(offline mode: enter name=value pairs on standard input)
    database=X
    <CTRL-D> in *NIX or <CTRL-Z> in Windows

    Notice that I did not pass the parameters _at_ the command line, but
    was prompted for them. A lot easier to test :)

    perldoc CGI

    <snip>
    > system("./list $dbin _ list.$$") || print "Bad Return Code from
    > system call: $?\n";


    What is './list'? Can you execute just that at the command line?
    And why '||' instead of 'or'? 'or' is more readable. And why not
    'die' here? Later, you want to do something (it appears) with
    'list.$$'. Is this a check to make sure you're not overwriting a file
    that already exists?

    If so, then why not

    die "File exists\n" if(-e "list.$$");

    > open(FCELST, "list.$$") || print "Database $dbin is currently
    > unavailable: $!";


    Again, why 'print' instead of 'die'?

    <snip>

    > system("rm ./list.$$");


    More idiomatic Perl .....
    unlink "list.$$" or die "Remove of file failed\n";

    <snip>

    This, should, get you started.

    HTH

    --
    Jim

    Copyright notice: all code written by the author in this post is
    released under the GPL. http://www.gnu.org/licenses/gpl.txt
    for more information.

    a fortune quote ...
    Trying to be happy is like trying to build a machine for which
    the only specification is that it should run noiselessly.
     
    James Willmore, Nov 15, 2003
    #6
  7. Rob

    Ben Morrow Guest

    "Jürgen Exner" <> wrote:
    > Ben Morrow wrote:
    > > Tore Aursand <> wrote:
    > >> No browsers - that I'm aware of - supports execution of Perl
    > >> scripts. I might be wrong, though.

    > >
    > > If you install PerlScript which comes with AS perl then IE will... ;)

    >
    > Perlscript != Perl script
    > Or do you also believe that Javascript is the same as a Java script


    Of course not. PerlScript is simply Perl, though, with all the MS COM
    objects available as global variables as they are in Javascript.

    Ben

    --
    The cosmos, at best, is like a rubbish heap scattered at random.
    - Heraclitus
     
    Ben Morrow, Nov 15, 2003
    #7
  8. Rob

    Jay Tilton Guest

    (Rob) wrote:

    : I have a small CGI script that attempts to create a file on the fly.

    Not really. You have a program that attempts to invoke a second program
    which attempts to create a file. Big difference.

    : The script runs successfully from the command prompt. Although when I
    : execute in a browser the file does not get created and therefore the
    : contents are not displayed on the page. I have try several different
    : approaches all have fialed to correct this issue. I have checked the
    : promissions, I am login in under the httpd userid, I have checked the
    : rc on the system command(see below), and have hit the wall.
    :
    : HERE IS THE SCRIPT:
    : ****************************************************************************
    : #!/usr/bin/perl -w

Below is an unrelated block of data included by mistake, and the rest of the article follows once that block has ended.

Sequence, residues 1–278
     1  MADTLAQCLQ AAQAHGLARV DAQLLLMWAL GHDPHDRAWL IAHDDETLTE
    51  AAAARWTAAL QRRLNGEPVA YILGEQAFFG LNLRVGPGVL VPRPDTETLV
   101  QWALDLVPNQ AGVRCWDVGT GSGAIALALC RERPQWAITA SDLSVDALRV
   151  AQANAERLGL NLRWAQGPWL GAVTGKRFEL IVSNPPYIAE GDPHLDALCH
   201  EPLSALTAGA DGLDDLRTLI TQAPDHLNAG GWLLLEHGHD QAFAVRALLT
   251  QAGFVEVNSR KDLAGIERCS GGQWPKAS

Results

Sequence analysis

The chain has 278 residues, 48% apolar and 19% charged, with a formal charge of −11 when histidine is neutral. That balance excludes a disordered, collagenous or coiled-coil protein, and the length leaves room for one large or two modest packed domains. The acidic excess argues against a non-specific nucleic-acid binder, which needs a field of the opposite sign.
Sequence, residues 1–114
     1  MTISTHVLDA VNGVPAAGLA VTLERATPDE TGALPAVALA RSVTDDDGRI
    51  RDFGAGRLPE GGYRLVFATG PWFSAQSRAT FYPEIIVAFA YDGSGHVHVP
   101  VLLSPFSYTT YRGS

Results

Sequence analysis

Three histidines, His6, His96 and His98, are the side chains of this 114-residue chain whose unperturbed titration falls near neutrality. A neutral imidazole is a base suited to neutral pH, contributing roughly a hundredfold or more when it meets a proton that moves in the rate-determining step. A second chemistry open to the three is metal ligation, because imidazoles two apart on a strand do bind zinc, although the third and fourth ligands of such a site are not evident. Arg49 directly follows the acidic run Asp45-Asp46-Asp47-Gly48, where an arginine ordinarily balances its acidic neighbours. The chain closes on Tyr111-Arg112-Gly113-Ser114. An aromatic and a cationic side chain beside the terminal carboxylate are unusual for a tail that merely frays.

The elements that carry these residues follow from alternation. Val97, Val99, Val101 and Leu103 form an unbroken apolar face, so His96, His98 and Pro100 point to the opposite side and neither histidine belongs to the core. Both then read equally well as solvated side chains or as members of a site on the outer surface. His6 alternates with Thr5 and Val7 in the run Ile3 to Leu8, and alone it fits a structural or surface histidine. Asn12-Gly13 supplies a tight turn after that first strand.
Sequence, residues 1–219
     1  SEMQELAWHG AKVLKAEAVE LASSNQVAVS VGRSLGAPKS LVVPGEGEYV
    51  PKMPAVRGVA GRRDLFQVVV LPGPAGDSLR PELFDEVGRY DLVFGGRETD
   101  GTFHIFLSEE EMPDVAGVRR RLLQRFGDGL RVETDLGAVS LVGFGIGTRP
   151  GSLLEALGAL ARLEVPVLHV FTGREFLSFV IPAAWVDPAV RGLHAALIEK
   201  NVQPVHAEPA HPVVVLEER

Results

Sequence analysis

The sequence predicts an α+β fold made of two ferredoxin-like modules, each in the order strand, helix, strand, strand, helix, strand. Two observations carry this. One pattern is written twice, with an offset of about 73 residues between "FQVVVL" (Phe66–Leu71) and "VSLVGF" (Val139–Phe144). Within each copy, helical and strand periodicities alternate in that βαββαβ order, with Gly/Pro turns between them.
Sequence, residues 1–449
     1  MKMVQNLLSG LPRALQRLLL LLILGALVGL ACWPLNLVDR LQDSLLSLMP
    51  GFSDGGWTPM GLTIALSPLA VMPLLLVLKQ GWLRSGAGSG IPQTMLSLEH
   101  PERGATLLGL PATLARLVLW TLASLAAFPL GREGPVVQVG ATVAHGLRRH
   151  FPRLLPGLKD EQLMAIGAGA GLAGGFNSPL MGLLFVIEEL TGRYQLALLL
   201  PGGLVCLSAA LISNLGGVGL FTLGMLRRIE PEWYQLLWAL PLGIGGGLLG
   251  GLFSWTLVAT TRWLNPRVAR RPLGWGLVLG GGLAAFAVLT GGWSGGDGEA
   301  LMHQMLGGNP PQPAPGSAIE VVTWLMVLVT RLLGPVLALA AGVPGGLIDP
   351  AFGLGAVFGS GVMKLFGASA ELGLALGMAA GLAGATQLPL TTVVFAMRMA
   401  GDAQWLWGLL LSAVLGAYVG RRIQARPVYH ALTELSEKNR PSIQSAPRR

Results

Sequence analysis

: use strict;
    : use CGI ':standard';
    :
    : my @fcetabs;
    : my @tablist;
    : my $dbin=param('database');
    :
    : system("./list $dbin _ list.$$") || print "Bad Return Code from system
    : call: $?\n";

    The error message will be emitted when system() returns 0 . External
    programs typically return 0 to indicate no error has occurred.

    Emphasize "typically." The ./list program is obliged to return non-zero
    in case of a show-stopping error, but it's not a certainty. It could be
    falling over dead and not telling anybody.

    The Perl program looks fine. Since the ./list program generates all the
    data used by the Perl program, troubleshooting efforts should be focused
    on what ./list is really doing. We know nothing about that program, so
    we cannot adequately help.

    : open(FCELST, "list.$$") || print "Database $dbin is currently
    : unavailable: $!";

    Instead of creating an intermediate data file, you might want to see if
    the data generated by ./list can be brought in through a piped open().
    Not only would it make the post-run file cleanup unnecessary, but it
    would prevent simultaneous CGI requests from wrecking each others' data.

    [snip remainder]
     
    Jay Tilton, Nov 15, 2003
    #8
  9. Rob

    Tore Aursand Guest

    On Sat, 15 Nov 2003 15:51:58 +0000, Ben Morrow wrote:
    >> No browsers - that I'm aware of - supports execution of Perl scripts.
    >> I might be wrong, though.


    > If you install PerlScript which comes with AS perl then IE will... ;)


    But, uh, ehm, who uses IE these days? *panicking*

    :)


    --
    Tore Aursand <>
     
    Tore Aursand, Nov 16, 2003
    #9
  10. Rob

    Lukas Mai Guest

    "Jürgen Exner" <> wrote:
    > I may be wrong but IFAIK there is no browser that could execute a Perl
    > program.


    w3m has a "local CGI" feature[1], so there is at least one browser that
    can execute Perl. ;-)

    HTH, Lukas
    [1] http://w3m.sourceforge.net/MANUAL#LocalCGI
     
    Lukas Mai, Nov 17, 2003
    #10
  11. On Sat, 15 Nov 2003 06:09:56 -0800, Rob wrote:

    > I have a small CGI script that attempts to create a file on the fly.
    > The script runs successfully from the command prompt. Although when I
    > execute in a browser the file does not get created and therefore the
    > contents are not displayed on the page. I have try several different
    > approaches all have fialed to correct this issue. I have checked the
    > promissions, I am login in under the httpd userid, I have checked the
    > rc on the system command(see below), and have hit the wall.
    >
    > HERE IS THE SCRIPT:
    > ****************************************************************************
    > #!/usr/bin/perl -w
    > use strict;
    > use CGI ':standard';
    >
    > my @fcetabs;
    > my @tablist;
    > my $dbin=param('database');
    >
    > system("./list $dbin _ list.$$")
    > || print "Bad Return Code from system call: $?\n


    Why do you reference "list" using a relative path? Are you sure the
    current directory when your server executes the script?

    If the execution of "list" fails, don't you want to croak or die instead
    of merely printing to STDOUT? Does "list" print anything to STDOUT which
    may mess up your HTTP headers?

    [snip rest of code /]

    > HERE IS THE OUTPUT FROM THE COMMAND LINE:
    > ****************************************************************************
    > /cgi-bin> listfce.cgi database=sample
    > Bad Return Code from system call: 0


    A return value of "0" indicates success. Perhaps you should use "and"
    instead of "||".

    Aloha,
    La'ie Techie
     
    LÄÊ»ie Techie, Nov 18, 2003
    #11